It’s been clear for some time that partnerships were critical to cable’s marketing. We were reminded of that point several times recently.

Tuesday morning, June 3, USA Today reported that Charter Communications was partnering with oil companies by offering gas cards of $25, $50 and $100 to subs who upgraded their video, voice or Internet services.

That evening, in a large multi-purpose room at Milwaukee’s gorgeous Miller Park, CTAM Midwest devoted an entire panel discussion to cable’s sports partnerships. Appropriately, before attendees could gain entrance to the magnificent ball yard, they witnessed part of a partnership in the flesh. Their CTAM passes (and tickets to the subsequent ballgame) were distributed at Time Warner Cable’s trailer, nearby the statue of Henry Aaron. More important, the MSO also offers discounted baseball tickets to its subs from this venue. Want an even more direct tie to Milwaukee’s cable provider? Inside the trailer patrons could witness demonstrations of video, voice and Internet access, providing the only triple play fans would see this night.

Discovering A Green Planet
The next night, some 732 miles away in Washington, D.C., and in a handful of other cities, Planet Green, Discovery’s newest channel, launched, with the help of Major League Baseball. Apart from the green of the grass, the connection between an eco-friendly channel and baseball didn’t spring immediately to mind. That’s where the creativity of Planet Green’s staff and its partners entered the scene. The new ballpark in Washington is the first major stadium in the country accredited by the Leadership in Energy and Environmental Design (LEED) Green Building Rating System. Part of this was an accident. The architects failed to provide adequate parking, forcing most fans to use public transport. Planet Green pounced on that one like a third baseman gobbling a weak grounder. As fans departed Washington’s Metro system Wednesday night they received return train tickets, courtesy of Planet Green. “Thanks for doing your part by taking the Metro,” read the green and black ticket jacket (no doubt made of recyclable material).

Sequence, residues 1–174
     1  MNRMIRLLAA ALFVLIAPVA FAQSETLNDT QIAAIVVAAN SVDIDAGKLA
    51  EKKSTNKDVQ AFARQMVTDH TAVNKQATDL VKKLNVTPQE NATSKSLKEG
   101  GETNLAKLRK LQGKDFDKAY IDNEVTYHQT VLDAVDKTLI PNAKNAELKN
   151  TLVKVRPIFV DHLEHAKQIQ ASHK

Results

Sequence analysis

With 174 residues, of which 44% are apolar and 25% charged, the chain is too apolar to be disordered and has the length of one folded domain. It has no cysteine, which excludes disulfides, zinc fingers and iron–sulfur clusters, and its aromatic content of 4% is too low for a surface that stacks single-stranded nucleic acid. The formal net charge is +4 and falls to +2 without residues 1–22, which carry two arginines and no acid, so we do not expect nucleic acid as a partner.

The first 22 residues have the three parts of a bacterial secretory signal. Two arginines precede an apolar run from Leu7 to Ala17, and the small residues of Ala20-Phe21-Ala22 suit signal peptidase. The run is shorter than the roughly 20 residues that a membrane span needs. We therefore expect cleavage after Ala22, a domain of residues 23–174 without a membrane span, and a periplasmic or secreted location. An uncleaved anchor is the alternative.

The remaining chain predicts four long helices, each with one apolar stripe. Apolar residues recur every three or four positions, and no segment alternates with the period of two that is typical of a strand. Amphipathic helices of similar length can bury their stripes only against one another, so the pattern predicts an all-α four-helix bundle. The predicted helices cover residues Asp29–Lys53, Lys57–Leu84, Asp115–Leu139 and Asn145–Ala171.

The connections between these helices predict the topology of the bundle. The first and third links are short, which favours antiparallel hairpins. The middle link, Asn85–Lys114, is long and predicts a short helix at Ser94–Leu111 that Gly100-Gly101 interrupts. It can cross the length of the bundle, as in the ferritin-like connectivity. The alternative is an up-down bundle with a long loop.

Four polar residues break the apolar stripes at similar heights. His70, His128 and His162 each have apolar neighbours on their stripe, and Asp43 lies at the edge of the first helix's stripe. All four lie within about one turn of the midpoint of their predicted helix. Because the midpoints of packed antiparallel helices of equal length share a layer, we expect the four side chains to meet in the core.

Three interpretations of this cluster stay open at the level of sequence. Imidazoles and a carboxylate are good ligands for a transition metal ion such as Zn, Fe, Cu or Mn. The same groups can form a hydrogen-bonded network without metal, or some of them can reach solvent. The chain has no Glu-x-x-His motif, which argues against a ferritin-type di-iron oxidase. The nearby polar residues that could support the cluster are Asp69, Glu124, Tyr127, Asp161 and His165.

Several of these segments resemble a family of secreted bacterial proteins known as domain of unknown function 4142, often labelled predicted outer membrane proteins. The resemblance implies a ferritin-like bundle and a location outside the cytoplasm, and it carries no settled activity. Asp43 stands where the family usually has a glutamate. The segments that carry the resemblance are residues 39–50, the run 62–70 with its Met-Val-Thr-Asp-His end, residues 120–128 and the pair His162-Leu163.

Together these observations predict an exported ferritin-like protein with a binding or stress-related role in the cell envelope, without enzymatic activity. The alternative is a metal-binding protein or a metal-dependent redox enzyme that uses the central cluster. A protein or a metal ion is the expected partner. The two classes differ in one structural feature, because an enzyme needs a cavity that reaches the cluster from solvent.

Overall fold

But the park also includes construction materials composed of up to 20 percent recycled material; energy-efficient lighting; a 6,300-square-foot green roof; and adjustable, low-flow plumbing that could save 3.6 million gallons of water yearly.  As unobtrusive signs throughout the park inform, a storm-water management system is designed to prevent debris from polluting the Anacostia River, adjacent to the stadium. In other words, what a great place to launch cable’s first green channel. But how best to do it?

What’s Your Sign?
Rick Schlesinger, an EVP with the Milwaukee Brewers, put it well during the earlier mentioned  CTAM Midwest panel on sports sponsorships. “Advertisers want more than signage at the ballpark,” Schlesinger told a crowd of nearly 100 cable marketers.
Schlesinger’s observation was evident in D.C. In addition to the Planet Green signage on the park’s many digital screens and a huge green carpet outside the stadium, inside the Nationals had abandoned their fire house red caps in favor of green hats. The same headgear was sported by all the ushers that evening. Adding to the sartorial green theme, fans had been told to wear green to the park; many complied.

Inside Discovery’s plush suite, above home plate, was the usual game time fare: hot dogs, peanuts, Cracker Jack and beer. This night, though, dark-green M&M’s and lime-green jellybeans augmented the buffet.

Adding to the unusual evening was the chance for a Discovery a cappella group to sing the National Anthem before the game. Even earlier, the opening minutes of Planet Green were shown on the park’s tremendous HD scoreboard.

A Green Presidential Race
And it wouldn’t be a Nationals game without the Presidents Race, where oversized Washington, Jefferson, Lincoln and Teddy Roosevelt emerge from centerfield and race halfway around the park. Why was this night different? The racing chief executives were sporting green costumes.

The crowning event, though, was the chance for Discovery chief David Zaslav to throw the night’s first pitch, joined by Planet Green chief Eileen O’Neil and Planet Green talent Emeril Lagasse, all sporting red-and-gold Nationals jerseys. [For the record, Zaslav’s Nikes featured green swooshes, and O’Neil’s dark-green footwear was most appropriate.] 

At 6pm, 1 hour before game time, Zaslav, a former college tennis player, was pacing nervously in Discovery’s crowded suite, mixing small talk with concern that his heave homeward might not travel the requisite 60 feet, six inches. Fears of abject failure in front of some 600 Discovery employees and guests danced more uncontrollably in his mind than a Tim Wakefield knuckleball.

As it happened, none of the on-field festivities occurred. Appropriately for the launch of a channel concerned with climactic change, Mother Nature took center stage, hurling a tornado into the D.C. area that crippled the region and postponed the game. But a good partnership endures hurdles, even bad weather. Most of the festivities will be staged again, before a game next week. Zaslav says he’s keeping his arm warm.

The Daily


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